Carolina Journal; Foreign Policy in the Middle East, Children's Software, and Biomedical Ethics
A production of the South Carolina Educational Television Network. Tonight told Carolina Journal a top Middle East expert from Washington shares his insight into that region. And its issues. How do you pick computer programs for children what's best. What should you avoid. And students from Converse College in Spartanburg fill us in on upcoming seminar on biomedical that thanks to us tonight Carolina. Good evening. A few days go by without some mention of the middle and Near East in our media the issues are complicated. The nations and their internal problems are complicated. America's relationships with the region is complicated. Our guest and I will give a
colloquium on United States policy in the Near and Middle East tomorrow from 3:30 to 5:00 PM in gambrel hall at the University of South Carolina. Bobus entered the United States Foreign Service and 1053 has been stationed in Cairo Tel Aviv Israel Jeddah Saudi Saudi Arabia where he was posted as counselor for political affairs under former South Carolina governor John West then ambassador to Saudi Arabia. Before that he served on an Aries task force during the Six Day War. He was attached to the United States delegation to the Middle East peace talks on November 1981 until October 82. Since then he's been with the board of examiners for the Foreign Service. Mr. Bovis welcome. Thank you. Well let's start off with just a couple of questions about the Middle East peace process as almost as it shifts from week to week is as far as what the public can read in the media if someone watches the media carefully and it seems it is if it is shifting sands every week is this how it really goes or is simply our perceptions of the
peace process over there. Well it does shift. However we are very encouraged by what's happened in the last few weeks. We think that there is a possibly a move of some momentum building up than we were which we might be able to get some movement towards peace in the area. What will that form take I know that's a hypothetical question until they actually say who's going to meet who where. Well. That those questions haven't been ironed out yet but we are encouraged by the fact that King Zayn has said he is willing and looks forward to prompt and direct talks with Israel. We are also encouraged by the fact the prime minister of Israel as I restated in the rather emphatic way Israel's desire to negotiate with Jordan the form that it has to take must be direct talks. There is no short cut way of finding really true peace in the area without direct talks between the parties to the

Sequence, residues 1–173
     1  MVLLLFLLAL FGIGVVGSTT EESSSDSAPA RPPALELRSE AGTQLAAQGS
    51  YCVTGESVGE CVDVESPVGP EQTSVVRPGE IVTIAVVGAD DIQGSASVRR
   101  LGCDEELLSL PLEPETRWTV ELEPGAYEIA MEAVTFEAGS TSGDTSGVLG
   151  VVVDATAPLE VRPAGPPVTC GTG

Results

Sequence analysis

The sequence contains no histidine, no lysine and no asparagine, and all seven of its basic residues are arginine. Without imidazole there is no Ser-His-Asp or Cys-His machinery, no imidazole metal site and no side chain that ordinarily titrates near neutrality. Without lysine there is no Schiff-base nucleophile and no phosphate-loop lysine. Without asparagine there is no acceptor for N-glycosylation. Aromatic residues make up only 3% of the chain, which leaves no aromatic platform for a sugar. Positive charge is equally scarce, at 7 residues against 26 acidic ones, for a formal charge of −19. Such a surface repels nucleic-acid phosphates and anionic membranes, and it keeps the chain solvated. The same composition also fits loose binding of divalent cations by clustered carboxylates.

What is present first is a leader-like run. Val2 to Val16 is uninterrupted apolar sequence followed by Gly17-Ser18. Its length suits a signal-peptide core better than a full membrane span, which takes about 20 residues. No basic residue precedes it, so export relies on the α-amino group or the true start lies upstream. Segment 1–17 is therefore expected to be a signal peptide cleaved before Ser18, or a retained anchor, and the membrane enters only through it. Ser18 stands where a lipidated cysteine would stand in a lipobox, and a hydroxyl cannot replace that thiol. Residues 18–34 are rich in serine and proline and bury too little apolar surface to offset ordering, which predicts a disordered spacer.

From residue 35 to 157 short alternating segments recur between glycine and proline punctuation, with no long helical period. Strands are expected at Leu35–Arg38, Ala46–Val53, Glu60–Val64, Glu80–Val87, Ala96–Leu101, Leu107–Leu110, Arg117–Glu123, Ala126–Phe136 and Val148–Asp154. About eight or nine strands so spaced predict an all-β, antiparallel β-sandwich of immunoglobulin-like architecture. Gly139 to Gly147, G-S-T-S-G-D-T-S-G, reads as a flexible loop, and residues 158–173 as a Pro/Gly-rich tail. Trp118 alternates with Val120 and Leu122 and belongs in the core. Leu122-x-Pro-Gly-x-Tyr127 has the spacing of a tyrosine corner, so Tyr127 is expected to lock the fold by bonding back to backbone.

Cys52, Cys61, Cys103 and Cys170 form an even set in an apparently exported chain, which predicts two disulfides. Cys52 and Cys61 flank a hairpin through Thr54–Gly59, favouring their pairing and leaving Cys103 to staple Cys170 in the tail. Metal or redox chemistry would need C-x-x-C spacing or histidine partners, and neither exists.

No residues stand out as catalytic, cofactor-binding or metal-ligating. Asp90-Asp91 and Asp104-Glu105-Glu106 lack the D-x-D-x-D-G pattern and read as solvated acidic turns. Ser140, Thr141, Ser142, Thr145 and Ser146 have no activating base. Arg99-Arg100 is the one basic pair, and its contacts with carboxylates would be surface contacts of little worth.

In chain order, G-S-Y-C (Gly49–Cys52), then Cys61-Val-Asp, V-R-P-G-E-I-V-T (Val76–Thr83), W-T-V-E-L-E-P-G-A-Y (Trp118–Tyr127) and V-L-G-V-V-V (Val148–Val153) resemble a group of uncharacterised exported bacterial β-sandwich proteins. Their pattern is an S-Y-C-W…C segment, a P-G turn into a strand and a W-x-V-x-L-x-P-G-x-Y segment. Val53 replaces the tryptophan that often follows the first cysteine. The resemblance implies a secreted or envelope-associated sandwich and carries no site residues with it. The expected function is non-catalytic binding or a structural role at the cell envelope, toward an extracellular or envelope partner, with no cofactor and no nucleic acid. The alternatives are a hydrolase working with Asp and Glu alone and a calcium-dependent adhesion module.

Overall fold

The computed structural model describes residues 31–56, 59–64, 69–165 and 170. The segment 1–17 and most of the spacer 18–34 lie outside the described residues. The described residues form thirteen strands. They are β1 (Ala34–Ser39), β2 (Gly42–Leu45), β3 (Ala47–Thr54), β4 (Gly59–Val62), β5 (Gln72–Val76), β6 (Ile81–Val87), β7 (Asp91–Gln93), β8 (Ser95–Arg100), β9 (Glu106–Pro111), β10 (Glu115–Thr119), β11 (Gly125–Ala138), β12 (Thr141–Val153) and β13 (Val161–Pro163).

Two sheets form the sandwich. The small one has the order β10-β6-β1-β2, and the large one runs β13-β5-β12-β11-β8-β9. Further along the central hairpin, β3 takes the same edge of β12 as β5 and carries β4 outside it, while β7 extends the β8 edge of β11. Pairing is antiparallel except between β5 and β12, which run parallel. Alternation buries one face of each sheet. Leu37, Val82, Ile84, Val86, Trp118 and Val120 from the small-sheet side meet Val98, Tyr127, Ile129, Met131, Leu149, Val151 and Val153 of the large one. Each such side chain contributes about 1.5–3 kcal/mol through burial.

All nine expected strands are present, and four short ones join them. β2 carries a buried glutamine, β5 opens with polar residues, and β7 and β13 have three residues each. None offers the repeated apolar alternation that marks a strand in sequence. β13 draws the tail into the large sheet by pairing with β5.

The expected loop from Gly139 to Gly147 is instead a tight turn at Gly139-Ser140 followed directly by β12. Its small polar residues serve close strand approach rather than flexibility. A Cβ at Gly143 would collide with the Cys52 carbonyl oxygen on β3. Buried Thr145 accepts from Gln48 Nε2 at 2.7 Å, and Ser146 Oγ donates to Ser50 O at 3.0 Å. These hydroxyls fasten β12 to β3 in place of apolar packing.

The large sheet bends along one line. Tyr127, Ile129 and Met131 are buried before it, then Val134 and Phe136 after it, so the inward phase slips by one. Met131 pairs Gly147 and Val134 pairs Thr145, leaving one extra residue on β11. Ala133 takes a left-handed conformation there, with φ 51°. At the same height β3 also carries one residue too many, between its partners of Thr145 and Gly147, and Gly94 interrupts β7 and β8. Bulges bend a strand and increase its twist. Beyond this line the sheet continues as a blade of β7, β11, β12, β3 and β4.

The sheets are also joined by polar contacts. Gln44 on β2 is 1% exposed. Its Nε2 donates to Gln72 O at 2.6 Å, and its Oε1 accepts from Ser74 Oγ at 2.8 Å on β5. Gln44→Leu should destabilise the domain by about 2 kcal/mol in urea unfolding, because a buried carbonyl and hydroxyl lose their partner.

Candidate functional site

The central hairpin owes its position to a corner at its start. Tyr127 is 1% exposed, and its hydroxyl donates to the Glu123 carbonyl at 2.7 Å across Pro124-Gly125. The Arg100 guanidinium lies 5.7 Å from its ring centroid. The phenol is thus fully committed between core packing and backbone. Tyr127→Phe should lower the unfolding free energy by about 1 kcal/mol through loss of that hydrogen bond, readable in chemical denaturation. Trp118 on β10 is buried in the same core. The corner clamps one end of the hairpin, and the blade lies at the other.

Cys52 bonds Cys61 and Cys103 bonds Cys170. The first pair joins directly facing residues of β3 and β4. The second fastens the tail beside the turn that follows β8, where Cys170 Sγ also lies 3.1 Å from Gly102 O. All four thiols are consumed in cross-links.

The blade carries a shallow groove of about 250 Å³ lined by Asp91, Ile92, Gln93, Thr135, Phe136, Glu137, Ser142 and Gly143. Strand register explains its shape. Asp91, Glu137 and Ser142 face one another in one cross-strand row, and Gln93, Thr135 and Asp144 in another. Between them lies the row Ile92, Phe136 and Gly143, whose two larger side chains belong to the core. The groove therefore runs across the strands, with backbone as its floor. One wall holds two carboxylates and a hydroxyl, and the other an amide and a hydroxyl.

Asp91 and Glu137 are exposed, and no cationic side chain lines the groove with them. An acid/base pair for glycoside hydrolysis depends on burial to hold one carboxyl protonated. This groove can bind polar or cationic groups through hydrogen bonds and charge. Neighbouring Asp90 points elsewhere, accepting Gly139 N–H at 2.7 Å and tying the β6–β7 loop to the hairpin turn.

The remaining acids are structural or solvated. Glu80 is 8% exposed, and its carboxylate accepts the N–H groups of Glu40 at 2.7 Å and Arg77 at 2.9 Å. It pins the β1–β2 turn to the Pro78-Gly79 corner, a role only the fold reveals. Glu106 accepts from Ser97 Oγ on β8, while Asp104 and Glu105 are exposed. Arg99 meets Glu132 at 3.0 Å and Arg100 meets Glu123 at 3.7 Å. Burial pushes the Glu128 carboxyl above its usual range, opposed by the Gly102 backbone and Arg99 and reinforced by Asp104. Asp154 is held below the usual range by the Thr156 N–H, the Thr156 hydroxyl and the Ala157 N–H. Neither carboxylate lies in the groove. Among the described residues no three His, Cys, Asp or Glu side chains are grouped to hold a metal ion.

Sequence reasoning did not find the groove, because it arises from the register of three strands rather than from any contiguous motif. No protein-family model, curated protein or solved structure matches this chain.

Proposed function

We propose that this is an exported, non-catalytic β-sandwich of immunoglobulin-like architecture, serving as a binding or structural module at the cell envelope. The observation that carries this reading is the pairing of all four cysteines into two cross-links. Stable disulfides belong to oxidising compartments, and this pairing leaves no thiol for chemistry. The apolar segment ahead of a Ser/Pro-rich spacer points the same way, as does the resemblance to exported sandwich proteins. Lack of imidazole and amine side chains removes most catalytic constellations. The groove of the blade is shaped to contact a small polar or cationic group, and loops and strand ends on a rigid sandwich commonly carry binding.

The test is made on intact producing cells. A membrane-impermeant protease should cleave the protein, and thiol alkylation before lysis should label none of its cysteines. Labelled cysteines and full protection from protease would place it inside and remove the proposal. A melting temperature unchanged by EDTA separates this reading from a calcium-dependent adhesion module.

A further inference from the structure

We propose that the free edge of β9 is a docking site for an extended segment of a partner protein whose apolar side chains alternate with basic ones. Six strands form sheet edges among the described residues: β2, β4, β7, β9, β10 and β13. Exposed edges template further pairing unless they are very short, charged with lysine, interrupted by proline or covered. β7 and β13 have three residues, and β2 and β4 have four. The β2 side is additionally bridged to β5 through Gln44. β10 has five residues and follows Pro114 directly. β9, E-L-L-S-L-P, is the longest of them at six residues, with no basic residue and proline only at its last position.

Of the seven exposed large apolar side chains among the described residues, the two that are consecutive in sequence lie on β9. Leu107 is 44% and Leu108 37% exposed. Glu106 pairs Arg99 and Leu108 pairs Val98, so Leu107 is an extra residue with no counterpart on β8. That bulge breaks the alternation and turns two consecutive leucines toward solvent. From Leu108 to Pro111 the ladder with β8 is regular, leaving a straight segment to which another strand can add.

conflict. Does Mr Paris have sufficient strength in his country in the Knesset to carry forth a peace without. Losing his government. Well I think so. He certainly has the strength to explore the possibilities and perhaps arrange a way for a meeting with King Hussein. I think the important thing to bear in mind is that once this process began I think we will see a new dynamic in the area and that will all kinds of possibilities on both sides. What will that what about the new that dynamic what would that mean. Well I think the people in the area are yearning for peace on both sides. This is true in Jordan and it's certainly true in Israel. The thing is that a lot of them really don't dare hope for it and I think once the process starts then we will see growing interest in both countries and I think that will lead to all kinds of flexibility and lead to
new initiatives and new proposals on both sides. This may seem a naive question but why is the area so critical to the United States interest. Well there are several reasons. One reason of course is that so much of the oil over the world is situated there. Not that we the United States is dependent on it that oil is a matter of fact. Our dependence dependency on imported oil has dropped considerably over the last several years. But that oil is important to the industrialized world and particularly Europe. We also have commercial interests in the area which are important to us. We have cultural interests in the area. We have an affinity with the state of Israel for example because it's another Democratic state and a member of the United Nations. And many of our citizens in this country have relatives there. It's also a strategic area. It's the crossroads between Europe and Africa and Asia
and because it is it's such a strategic location it is important to us. Throughout history it's been that crossroads and throughout history there have been conflicts of varying types going back thousands of years. Are we naive to expect any sort of peace that would last any length of time given the history of the area. No I don't think that's naive. I think it's possible to work out a peace that will be lasting It doesn't mean that we will have problems in the area because there is no area of the world that's really free from problems but this conflict that is going on between. Arabs and Israel since over the last 40 years we think can be resolved and we can get to arrangements in peace arrangements between Israel and its neighbors. Well you'd think that would happen. You're saying that direct talks between the parties no United